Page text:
Bell felt the magazine needed to change with the times or it would not survive. One of the first changes he made was switching the magazine from pulp paper to gloss, as True West was one of the last remaining publications using pulp. He also expanded the coverage of Western movies, since so many people developed a love of Old West history after being exposed to Westerns on television or the big screen. He added, and still writes, the successful "Classic Gunfights" department that has featured more than one hundred gunfights of the Old West.[2]

In 2007, Ken Amorosano joined the team as associate publisher. In 2011, he became True West's publisher and set the magazine in a new direction, catering the publication more toward its core history aficionados and expanding the magazine's readership globally. To put forth their vision, Bell and Amorosano rely on a quality editorial and production team headed by editor-in-chief Meghan Saar, art director Daniel Harshberger, production manager Robert Ray, and general manager Carol Compton Glenn.

The magazine has continued to change with the times. Readers mingle on True West's regularly updated social network feeds: Facebook, Pinterest, YouTube and Twitter. Since 2012, the magazine's covers have featured a QR Code, for smartphone users to access videos about the cover stories.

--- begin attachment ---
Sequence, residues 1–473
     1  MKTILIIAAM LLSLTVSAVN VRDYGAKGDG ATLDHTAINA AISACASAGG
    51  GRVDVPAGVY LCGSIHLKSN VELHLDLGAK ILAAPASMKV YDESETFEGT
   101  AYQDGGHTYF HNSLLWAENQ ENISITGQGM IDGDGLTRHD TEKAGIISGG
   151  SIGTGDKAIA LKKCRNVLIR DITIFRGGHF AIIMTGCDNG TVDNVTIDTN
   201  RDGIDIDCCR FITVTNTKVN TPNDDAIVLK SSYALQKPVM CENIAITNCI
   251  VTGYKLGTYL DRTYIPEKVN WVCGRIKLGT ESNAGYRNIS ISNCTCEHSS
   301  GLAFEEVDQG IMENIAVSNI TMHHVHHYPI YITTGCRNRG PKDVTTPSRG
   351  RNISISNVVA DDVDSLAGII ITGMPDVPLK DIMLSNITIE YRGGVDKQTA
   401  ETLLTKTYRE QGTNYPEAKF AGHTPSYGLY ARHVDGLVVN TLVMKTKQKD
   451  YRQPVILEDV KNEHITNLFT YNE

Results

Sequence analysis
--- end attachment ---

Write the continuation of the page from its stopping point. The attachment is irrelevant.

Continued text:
Departments[edit]

True West puts the focus on history with features like "Classic Gunfights" and "Ask the Marshall", featuring Arizona's official state historian Marshall Trimble, who responds to reader inquiries such as, "How prevalent was the stampede string on Old West hats?" Firearms expert Phil Spangenberger features a classic Western firearm each month in "Shooting from the Hip". The magazine also shines the spotlight on today's true Westerners with the departments "What History Has Taught Me" and "'Old West Saviors". Investigating History delves into questions of the past to bring readers answers to long-held mysteries.

True West guides readers who still want to experience and live an Old West lifestyle by publishing features such as its hearty food column, "Frontier Fare", and "Evolution of Western Wear", sharing the history behind the clothing and gear worn by Westerners today. "True Western Towns" guides readers to cities where the West is still alive. "Renegade Roads" creates history-inspired travel routes for readers to embark to the West.